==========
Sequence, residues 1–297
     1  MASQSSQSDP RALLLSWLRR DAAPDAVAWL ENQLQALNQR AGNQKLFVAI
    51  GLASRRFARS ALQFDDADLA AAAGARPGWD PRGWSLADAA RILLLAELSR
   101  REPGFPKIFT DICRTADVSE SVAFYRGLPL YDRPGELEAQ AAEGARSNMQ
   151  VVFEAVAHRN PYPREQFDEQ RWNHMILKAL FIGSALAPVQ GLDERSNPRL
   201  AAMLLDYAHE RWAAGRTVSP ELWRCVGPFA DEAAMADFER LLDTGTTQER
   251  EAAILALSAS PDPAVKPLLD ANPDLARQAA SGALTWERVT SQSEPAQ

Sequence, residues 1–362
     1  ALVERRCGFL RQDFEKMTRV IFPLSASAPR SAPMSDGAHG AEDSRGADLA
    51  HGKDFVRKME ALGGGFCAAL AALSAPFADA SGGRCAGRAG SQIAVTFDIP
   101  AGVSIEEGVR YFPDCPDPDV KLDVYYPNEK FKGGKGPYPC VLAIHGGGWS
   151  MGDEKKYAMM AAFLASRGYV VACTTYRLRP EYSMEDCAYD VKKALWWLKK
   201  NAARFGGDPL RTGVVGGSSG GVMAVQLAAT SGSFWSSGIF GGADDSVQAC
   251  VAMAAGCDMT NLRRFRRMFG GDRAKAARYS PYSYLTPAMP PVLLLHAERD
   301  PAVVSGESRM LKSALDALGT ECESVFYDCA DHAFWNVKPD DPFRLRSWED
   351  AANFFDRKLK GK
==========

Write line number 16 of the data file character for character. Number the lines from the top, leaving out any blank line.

   351  AANFFDRKLK GK